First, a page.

Sunday, March 18, 2012

God’s ways are not our ways

Sometimes, even after a long night of sleep, the stress of life makes morning seem like evening. The fatigue of stress remains, urging a return to the pillow and begging for more rest. I’m almost certain it is to this weariness that the Bible speaks.
Have you not known? Have you not heard? The Lord is the everlasting God, the Creator of the ends of the earth. He does not faint or grow weary; his understanding is unsearchable. He gives power to the faint, and to him who has no might he increases strength. Even youths shall faint and be weary, and young men shall fall exhausted; but they who wait for the Lord shall renew their strength; they shall mount up with wings like eagles; they shall run and not be weary; they shall walk and not faint. (Isaiah 40:28–31)
Whether stress, or my slowed-down heart rate, or some side effects from heart medications, I’ve felt tired the past few days, the kind of fatigue that makes you feel like a nap could happen at any given moment. Yet this is beyond a physical tiredness. 

Instead, it feels more like spiritual fatigue that happens whenever I’m doing battle with the Liar. Besides the usual attacks on my praying, last week and today, my ladies’ class is studying spiritual warfare. The enemy does not like the exposure. He would rather I didn’t go to church and certainly prefers that we do not look at those verses in Scripture that reveal his methods and disabling schemes. So he hammers me with all sorts of nasty things. Those attacks contribute to this weariness.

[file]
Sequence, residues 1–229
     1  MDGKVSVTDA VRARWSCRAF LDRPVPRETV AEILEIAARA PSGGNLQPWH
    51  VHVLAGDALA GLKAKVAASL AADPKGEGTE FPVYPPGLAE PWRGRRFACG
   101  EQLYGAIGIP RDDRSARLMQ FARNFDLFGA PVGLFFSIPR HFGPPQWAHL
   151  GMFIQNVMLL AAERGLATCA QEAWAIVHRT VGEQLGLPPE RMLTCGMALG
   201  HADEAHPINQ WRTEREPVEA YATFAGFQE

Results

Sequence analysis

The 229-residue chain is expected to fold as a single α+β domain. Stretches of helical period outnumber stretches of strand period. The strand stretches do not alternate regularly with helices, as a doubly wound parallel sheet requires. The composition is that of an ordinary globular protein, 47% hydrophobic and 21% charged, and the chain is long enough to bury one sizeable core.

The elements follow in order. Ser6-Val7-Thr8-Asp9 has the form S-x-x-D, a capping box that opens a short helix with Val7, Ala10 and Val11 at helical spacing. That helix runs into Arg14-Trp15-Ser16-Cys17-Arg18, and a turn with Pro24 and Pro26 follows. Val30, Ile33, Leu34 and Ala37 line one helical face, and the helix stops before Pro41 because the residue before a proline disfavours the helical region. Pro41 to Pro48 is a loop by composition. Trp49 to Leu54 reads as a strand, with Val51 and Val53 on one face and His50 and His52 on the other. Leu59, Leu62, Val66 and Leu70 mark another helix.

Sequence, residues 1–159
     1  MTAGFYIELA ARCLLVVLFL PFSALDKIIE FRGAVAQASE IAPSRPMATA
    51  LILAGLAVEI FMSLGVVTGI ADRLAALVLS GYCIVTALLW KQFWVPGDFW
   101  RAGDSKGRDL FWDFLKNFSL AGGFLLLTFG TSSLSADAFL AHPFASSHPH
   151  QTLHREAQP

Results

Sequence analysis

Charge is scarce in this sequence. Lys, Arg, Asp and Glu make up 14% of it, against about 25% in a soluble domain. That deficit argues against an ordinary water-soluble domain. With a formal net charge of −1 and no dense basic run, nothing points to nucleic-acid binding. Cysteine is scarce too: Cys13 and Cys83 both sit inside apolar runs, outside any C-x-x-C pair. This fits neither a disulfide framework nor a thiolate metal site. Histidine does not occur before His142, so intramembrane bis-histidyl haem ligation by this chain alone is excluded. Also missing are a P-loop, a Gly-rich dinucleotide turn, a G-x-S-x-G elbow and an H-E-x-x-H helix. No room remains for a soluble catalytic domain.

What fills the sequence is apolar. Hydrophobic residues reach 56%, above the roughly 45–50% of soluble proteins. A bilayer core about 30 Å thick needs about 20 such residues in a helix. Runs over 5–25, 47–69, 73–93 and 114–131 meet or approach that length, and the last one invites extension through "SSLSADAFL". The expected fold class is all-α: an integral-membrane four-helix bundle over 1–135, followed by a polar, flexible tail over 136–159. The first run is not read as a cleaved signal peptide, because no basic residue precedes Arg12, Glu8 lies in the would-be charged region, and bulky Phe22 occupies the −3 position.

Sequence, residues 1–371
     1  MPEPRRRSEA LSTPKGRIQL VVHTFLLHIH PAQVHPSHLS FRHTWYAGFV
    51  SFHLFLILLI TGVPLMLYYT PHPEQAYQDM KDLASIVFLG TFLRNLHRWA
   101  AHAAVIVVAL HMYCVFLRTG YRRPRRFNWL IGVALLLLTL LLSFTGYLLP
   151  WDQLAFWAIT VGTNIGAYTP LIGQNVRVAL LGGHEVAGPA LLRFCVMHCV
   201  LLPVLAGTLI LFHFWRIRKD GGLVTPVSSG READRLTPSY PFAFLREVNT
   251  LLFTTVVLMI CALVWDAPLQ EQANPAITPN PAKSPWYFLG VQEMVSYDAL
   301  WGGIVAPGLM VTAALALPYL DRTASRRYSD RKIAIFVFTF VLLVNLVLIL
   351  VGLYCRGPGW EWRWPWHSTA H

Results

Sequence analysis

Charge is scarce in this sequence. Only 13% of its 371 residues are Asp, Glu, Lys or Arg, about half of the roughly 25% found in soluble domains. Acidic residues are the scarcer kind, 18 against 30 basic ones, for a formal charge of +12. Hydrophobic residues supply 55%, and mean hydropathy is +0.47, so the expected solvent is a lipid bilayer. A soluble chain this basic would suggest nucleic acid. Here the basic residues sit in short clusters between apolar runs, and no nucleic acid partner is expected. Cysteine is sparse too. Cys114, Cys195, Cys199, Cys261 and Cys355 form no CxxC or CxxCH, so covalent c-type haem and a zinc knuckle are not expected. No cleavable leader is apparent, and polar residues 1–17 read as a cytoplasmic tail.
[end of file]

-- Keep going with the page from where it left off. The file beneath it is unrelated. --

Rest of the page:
Yet God is not weary. His strength never fails, and not only that, He is able to give a portion to those who feel faint and unable to go on. He grants might to the weak and renewal to those who wait on Him. 

The Hebrew word for “wait” is related to a cord used for binding. The root of it is to bind together, perhaps by twisting or gathering together. It is also translated to look, to be patient, to tarry. Waiting is refusing to go ahead without being bound together with the Lord, relying on Him for whatever I need. 

Besides that, God uses weakness. He makes it the catalyst that pushes His people to wait on Him, rely on Him. These verses remind me of what happened to Paul who felt great weakness from an unidentified source that he called a “thorn in the flesh.” He asked God to take it away, but God had other ideas, and Paul learned a valuable truth.
But He said to me, “My grace is sufficient for you, for my power is made perfect in weakness.” Therefore I will boast all the more gladly of my weaknesses, so that the power of Christ may rest upon me. For the sake of Christ, then, I am content with weaknesses, insults, hardships, persecutions, and calamities. For when I am weak, then I am strong. (2 Corinthians 12:9–10)
Weakness and fatigue are not my enemies. Trying to run my life in my own strength is a far greater deterrent to spirituality than being tired. When I feel energetic, I’m more apt to also feel full of myself, forging ahead without waiting on the Lord. While He promises to renew my strength, as Paul learned, the renewed strength He gives is not mine, but His. 


Oh Lord, this has happened before, many times. And You always keep Your promise. Sometimes, the weaker I feel and the more dependent I am from fatigue and weakness, the greater I’m astonished by Your strength that helps me do whatever You have asked me to do. Feeling incompetent and unable is not pleasant, nor do I welcome this sense of helplessness, yet You teach me to embrace it, be content with it. It is the secret to being strong.

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